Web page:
Gavin Bone is an author and lecturer in the fields of magic, witchcraft, Wicca and Neopaganism, and an organizer in the Neopagan community. He has made important contributions to the evolution and development of the modern day witchcraft movement, mainly in concert with Stewart Farrar and Janet Farrar, with whom he entered into a kind of group marriage in 1993.
Bone was born in Portsmouth, Hampshire, in 1964. He trained as a registered nurse and studied complimentary healing methods such as reflexology. He is also a practising spiritual healer.
He was initiated into Ray Buckland’s Seax-Wica tradition of Wicca in 1986. He first met Stewart Farrar and Janet Farrar in 1989 at a Pagan Conference in Leicester, and they immediately struck up a friendship. He accompanied the Farrars on a lecture tour of the United States in 1992 and then, when they returned to Ireland in 1993, Bone joined them as their business partner, as well as in a polyfidelitous (or polyamory) relationship or group marriage.
When Stewart Farrar suffered a stroke in 1995, Bone’s training as a nurse and healer proved most valuable, and he was instrumental in helping to nurse him back to good health. Bone co-authored two books with the Farrars “The Pagan Path” (1995) and “The Healing Craft” (1999), and has also acted as the production manager of the Farrars’ latest moves into video. He was largely responsible for setting up the “Pagan Information Network”, a contact network for Pagans across the Republic and Northern Ireland, for which Bone and the Farrars have been the primary coordinators.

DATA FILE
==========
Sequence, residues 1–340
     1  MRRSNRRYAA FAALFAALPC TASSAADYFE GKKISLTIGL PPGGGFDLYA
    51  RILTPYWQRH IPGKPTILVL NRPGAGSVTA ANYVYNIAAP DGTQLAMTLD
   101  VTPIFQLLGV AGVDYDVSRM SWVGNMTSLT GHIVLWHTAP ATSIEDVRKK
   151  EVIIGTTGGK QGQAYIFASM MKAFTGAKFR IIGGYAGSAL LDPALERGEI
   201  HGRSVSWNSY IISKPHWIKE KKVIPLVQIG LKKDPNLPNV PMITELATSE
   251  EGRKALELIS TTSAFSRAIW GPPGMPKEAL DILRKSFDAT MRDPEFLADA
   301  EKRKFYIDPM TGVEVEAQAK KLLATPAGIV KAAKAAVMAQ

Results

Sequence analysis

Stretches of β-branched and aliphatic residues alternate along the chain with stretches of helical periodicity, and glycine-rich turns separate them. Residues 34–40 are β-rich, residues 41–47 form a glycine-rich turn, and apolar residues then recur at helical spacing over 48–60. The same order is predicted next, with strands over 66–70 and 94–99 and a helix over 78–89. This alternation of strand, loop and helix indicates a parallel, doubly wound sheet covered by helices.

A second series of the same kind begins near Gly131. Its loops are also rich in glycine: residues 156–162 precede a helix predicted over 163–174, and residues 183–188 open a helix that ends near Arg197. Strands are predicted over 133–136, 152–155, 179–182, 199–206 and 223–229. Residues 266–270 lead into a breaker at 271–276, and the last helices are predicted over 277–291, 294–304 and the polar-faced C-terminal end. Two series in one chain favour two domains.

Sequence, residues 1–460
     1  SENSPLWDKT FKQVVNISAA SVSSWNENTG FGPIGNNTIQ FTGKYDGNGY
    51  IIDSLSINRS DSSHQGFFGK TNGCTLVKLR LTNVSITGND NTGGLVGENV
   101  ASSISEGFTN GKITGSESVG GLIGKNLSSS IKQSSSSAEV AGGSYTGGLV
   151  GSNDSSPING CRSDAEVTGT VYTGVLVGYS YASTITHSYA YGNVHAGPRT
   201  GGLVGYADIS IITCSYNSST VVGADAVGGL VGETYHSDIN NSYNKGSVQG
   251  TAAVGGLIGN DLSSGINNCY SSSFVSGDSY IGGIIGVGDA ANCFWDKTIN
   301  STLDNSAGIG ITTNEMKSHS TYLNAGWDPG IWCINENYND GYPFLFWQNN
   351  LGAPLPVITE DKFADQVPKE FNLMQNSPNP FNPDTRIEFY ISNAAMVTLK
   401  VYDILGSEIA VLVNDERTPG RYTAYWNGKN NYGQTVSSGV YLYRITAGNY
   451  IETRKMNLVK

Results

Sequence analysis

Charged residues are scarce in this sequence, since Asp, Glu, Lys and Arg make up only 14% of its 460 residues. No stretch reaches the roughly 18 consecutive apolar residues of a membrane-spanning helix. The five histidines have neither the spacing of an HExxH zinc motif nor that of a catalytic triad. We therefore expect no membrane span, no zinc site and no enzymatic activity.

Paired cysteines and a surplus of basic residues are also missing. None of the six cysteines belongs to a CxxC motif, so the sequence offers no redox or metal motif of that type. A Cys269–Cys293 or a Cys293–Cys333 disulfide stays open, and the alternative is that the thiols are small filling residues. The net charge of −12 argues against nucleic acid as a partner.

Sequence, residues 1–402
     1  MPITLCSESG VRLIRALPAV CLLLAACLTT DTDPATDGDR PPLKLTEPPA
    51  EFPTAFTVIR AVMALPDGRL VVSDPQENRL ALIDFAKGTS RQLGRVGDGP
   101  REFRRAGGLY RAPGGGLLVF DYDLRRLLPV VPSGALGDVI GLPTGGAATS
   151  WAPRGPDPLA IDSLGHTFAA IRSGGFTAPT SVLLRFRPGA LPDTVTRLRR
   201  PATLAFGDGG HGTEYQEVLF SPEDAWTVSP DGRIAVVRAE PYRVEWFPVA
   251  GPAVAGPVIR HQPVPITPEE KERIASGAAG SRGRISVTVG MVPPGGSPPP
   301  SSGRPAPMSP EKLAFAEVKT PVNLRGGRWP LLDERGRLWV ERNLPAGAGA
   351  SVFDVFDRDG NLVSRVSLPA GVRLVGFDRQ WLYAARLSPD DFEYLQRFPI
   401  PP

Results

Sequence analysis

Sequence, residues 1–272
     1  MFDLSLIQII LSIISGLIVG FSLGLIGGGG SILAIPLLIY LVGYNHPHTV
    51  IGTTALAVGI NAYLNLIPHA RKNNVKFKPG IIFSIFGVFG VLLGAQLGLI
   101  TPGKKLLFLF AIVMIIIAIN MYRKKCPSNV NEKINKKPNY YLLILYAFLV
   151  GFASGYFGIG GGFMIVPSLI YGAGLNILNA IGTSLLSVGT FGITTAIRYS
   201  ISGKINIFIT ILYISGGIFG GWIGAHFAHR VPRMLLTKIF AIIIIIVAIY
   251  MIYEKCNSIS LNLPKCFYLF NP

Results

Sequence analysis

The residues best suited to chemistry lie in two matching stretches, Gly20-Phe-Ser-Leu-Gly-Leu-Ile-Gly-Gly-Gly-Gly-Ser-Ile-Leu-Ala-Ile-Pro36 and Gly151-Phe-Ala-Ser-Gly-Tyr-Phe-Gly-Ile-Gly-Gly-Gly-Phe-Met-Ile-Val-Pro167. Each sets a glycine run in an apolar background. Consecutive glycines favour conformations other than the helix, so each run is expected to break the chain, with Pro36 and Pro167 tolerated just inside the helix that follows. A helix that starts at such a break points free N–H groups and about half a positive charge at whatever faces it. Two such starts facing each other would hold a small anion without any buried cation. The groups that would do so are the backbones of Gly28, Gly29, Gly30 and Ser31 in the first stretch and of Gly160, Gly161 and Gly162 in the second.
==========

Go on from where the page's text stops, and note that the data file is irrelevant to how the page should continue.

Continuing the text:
After Stewart Farrar died in February 2000, Bone married Janet Farrar a year later on 5 May 2001. The couple have continued to author books and to give lectures on Wicca, both in the United States and in Britain. The title of their 2004 book, “Progressive Witchcraft”, is their preferred description for their current religious practice. Their Teampall Na Callaighe consists of the Coven Na Callaighe (a Progressive Wiccan coven which uses shamanism, psychism and spirituality as it basis of practice rather than the Alexandrian or Gardnerian traditions) and an Outer Circle (an open Neopagan worship group). They are also active members in the Aquarian Tabernacle Church of Ireland, and have links with several covens in the United States, Australia, New Zealand and Europe.